Backpack display raises suicide awareness

Students walking through Central Mall yesterday were struck by the sight of hundreds of colorful backpacks dotting the lawn. Volunteers passed out Mardi Gras beads and popcorn, but the mood remained somber.

The backpacks were part of “Send Silence Packing,” a national traveling exhibit of 1,100 backpacks representing the 1,100 students who die by suicide each year.

The event was coordinated by Marquette’s chapter of Active Minds, an awareness organization that works closely with the Marquette counseling center to promote mental health discussions.

According to co-president Danielle Strauss, the national chapter of Active Minds received a $50,000 Pepsi Refresh grant to facilitate the “Send Silence Packing” tour. Marquette was one of the 10 universities nationwide selected to display the exhibit.

Strauss, a junior in the College of Arts & Sciences, said the national Active Minds chapter felt Marquette offered a convenient and central location for other chapters at Milwaukee School of Engineering, University of Wisconsin-Milwaukee and Carthage College.

Michael Zebrowski, director of the counseling center, said the display is meant to bring mental health issues into the awareness of Marquette students. Although “Send Silence Packing” focuses on the impact of suicide, it is also designed to de-stigmatize mental illness.

Zebrowski said students suffering from mental illnesses should seek care so they can function normally and continue their lives as students.

“There are many students who know someone (who has committed suicide),” he said. “(The display) gives them a chance to pause, reflect and hopefully think about making a difference to prevent suicide from happening.”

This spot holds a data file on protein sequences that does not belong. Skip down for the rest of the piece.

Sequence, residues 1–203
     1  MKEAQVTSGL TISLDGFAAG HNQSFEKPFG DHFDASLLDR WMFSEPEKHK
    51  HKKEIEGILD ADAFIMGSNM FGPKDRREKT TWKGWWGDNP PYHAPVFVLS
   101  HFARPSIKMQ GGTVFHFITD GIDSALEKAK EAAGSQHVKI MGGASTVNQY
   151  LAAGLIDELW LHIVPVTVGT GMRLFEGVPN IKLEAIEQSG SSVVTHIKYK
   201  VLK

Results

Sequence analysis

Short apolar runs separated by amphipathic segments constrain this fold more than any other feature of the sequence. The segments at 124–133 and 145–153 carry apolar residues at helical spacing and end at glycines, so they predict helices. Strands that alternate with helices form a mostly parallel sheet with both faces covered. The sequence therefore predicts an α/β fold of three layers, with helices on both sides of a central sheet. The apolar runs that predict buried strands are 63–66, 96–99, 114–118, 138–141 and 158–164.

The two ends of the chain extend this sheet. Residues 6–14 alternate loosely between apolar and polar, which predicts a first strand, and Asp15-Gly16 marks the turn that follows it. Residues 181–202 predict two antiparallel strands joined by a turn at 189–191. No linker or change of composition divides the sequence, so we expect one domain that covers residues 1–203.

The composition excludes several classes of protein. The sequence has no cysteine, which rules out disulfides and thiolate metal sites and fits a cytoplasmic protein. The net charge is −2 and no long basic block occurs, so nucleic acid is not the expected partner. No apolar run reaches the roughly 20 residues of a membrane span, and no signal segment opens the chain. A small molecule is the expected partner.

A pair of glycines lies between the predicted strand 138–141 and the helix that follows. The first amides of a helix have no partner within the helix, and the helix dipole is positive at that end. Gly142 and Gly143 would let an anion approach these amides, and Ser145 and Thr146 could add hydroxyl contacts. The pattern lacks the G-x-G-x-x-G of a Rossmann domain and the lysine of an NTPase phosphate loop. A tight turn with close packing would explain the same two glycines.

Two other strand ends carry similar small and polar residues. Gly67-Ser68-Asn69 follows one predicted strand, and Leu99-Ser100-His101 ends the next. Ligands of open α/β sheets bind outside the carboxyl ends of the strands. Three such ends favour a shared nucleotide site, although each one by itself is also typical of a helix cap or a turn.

The Rev. Charles Rubey, founder of Catholic Charities’ Loving Outreach to Survivors of Suicide program, spoke at the exhibit Wednesday afternoon. Rubey said the main purpose of the LOSS program is to provide a safe and nurturing environment for family and friends to grieve the loss of a loved one to suicide.

According to Rubey, events like “Send Silence Packing” are important to heighten awareness and decrease the stigma attached to mental illness.

“We must learn to be gentle with each other,” Rubey said in an interview with the Tribune. “You never know what people are carrying around in their souls.”

Rubey also said he feels there are misconceptions about suicide and mental illness. Mental illness, Rubey said, is an illness as real as diabetes, heart disease or cancer, and there is nothing wrong with seeking behavioral health service.

“People don’t commit suicide because they want to die,” he said. “People commit suicide because the pain from their illness has become intolerable. It’s not an act of selfish cowardice, but an act of desperation.”